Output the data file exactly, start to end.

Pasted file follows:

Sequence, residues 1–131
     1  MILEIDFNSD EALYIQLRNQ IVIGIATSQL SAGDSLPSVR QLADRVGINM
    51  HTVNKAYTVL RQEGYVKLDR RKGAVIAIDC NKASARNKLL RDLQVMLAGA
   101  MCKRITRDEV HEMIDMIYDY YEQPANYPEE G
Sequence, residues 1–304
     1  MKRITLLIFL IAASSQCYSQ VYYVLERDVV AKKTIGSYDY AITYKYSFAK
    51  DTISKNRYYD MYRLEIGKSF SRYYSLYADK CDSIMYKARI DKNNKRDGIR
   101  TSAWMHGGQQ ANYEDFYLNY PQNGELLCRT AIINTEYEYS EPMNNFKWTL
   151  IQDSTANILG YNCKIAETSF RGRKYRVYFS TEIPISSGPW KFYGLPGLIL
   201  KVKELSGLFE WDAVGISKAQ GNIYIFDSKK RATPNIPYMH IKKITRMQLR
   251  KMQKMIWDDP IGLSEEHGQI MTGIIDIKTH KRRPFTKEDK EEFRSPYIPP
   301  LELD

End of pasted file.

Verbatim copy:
Sequence, residues 1–131
     1  MILEIDFNSD EALYIQLRNQ IVIGIATSQL SAGDSLPSVR QLADRVGINM
    51  HTVNKAYTVL RQEGYVKLDR RKGAVIAIDC NKASARNKLL RDLQVMLAGA
   101  MCKRITRDEV HEMIDMIYDY YEQPANYPEE G
Sequence, residues 1–304
     1  MKRITLLIFL IAASSQCYSQ VYYVLERDVV AKKTIGSYDY AITYKYSFAK
    51  DTISKNRYYD MYRLEIGKSF SRYYSLYADK CDSIMYKARI DKNNKRDGIR
   101  TSAWMHGGQQ ANYEDFYLNY PQNGELLCRT AIINTEYEYS EPMNNFKWTL
   151  IQDSTANILG YNCKIAETSF RGRKYRVYFS TEIPISSGPW KFYGLPGLIL
   201  KVKELSGLFE WDAVGISKAQ GNIYIFDSKK RATPNIPYMH IKKITRMQLR
   251  KMQKMIWDDP IGLSEEHGQI MTGIIDIKTH KRRPFTKEDK EEFRSPYIPP
   301  LELD